Another example is CRB checking of private tutors. The EHE guidelines, as highlighted by the IAS, recommend LAs help by performing checks for parents. The LA confirmed that it does not help in any way and the IAS let it drop. This appears to be at odds with the LA’s usual stance regarding child welfare.

Final Report

Most of the issues with the final report were covered in a document sent to the IAS by the Chair of the Audit Committee, Cllr Chapman. Internal emails show that although the IAS agrees with some of his points, a Senior Auditor has demonstrated prejudice in the comments she has added to the document which have no evidence to support them.

On conflation of education with safeguarding;
‘Ok for families that effectively home educate their children, but most this does not apply to most cases.’

on home visits;
‘No power to do so but does help families’
(97% of the responses to our survey said they got no benefit from contact with the LA)

and that age-old question which ignores the basis of the British legal system;
‘How can the authority intervene if they do not have the necessary information to do so?’

We strongly recommend you read Cllr Chapman’s comments.

Our Formal Complaint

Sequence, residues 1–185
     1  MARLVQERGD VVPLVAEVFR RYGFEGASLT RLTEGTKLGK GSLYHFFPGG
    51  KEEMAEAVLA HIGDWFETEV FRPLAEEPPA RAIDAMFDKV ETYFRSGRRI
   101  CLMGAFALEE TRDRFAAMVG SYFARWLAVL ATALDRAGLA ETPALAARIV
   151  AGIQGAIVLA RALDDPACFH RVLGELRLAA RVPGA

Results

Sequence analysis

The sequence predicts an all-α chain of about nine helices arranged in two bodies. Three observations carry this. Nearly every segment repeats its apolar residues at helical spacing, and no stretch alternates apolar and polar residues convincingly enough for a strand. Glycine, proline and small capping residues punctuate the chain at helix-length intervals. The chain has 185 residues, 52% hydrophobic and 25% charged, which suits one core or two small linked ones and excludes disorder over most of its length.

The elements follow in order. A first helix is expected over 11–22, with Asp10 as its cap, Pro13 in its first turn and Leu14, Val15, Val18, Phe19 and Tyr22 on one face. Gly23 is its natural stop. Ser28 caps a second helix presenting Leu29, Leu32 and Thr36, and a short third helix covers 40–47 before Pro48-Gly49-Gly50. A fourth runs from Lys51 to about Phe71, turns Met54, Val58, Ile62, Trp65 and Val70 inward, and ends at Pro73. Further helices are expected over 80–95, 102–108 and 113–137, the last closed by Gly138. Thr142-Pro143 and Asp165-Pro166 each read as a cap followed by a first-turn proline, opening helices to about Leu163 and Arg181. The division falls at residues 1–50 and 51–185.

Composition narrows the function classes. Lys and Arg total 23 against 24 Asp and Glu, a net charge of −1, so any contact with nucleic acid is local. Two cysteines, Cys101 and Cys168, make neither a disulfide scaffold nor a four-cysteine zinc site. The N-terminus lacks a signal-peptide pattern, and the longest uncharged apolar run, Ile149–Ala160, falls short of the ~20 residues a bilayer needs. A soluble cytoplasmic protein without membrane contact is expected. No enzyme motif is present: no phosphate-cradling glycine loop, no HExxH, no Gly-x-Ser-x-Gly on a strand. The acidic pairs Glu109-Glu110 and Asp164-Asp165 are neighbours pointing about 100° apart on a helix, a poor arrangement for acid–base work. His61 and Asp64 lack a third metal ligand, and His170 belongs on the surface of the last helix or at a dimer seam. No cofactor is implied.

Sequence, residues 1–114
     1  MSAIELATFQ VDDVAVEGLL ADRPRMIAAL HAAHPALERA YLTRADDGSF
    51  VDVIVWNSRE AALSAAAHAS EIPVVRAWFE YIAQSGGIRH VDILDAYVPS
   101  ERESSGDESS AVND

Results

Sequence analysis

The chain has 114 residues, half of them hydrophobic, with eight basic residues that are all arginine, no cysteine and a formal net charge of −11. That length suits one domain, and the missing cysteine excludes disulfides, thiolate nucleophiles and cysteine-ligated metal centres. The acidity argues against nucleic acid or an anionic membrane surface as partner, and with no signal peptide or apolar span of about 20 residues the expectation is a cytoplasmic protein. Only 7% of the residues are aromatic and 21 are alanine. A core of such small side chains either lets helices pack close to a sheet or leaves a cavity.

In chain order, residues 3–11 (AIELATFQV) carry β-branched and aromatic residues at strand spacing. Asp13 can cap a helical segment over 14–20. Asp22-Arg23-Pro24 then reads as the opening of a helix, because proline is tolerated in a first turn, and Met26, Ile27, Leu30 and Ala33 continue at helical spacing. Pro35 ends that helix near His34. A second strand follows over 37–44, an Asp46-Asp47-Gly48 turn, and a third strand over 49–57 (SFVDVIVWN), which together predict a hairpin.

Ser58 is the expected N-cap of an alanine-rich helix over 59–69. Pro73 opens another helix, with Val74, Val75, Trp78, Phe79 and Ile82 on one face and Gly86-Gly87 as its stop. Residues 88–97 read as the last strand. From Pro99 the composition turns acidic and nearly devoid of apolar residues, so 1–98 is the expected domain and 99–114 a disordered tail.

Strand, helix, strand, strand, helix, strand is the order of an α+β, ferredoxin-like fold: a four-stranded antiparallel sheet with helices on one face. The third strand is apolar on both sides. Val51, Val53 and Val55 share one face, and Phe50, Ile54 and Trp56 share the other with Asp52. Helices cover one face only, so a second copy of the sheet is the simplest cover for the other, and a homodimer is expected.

The EHE team were first notified of the audit in March 2010, it began in May and the Final Report was published in December. During this time we submitted our formal complaint about the EHE department, primarily concerning its procedures. The IAS were not made aware of our complaint and there is no mention of the audit in either the LA’s complaint paperwork or the Panel’s report. The LA has wasted a lot of time and money by not informing ourselves and the complaints panel that they had already agreed with the IAS to review their procedures to reflect the DfE EHE Guidelines.

We were never given a reason why our complaint was not entered into the official system until our third attempt on 15th December, after the audit was out of the way.

Key Documents

Here are some of the EHE Audit documents and follow-up reports: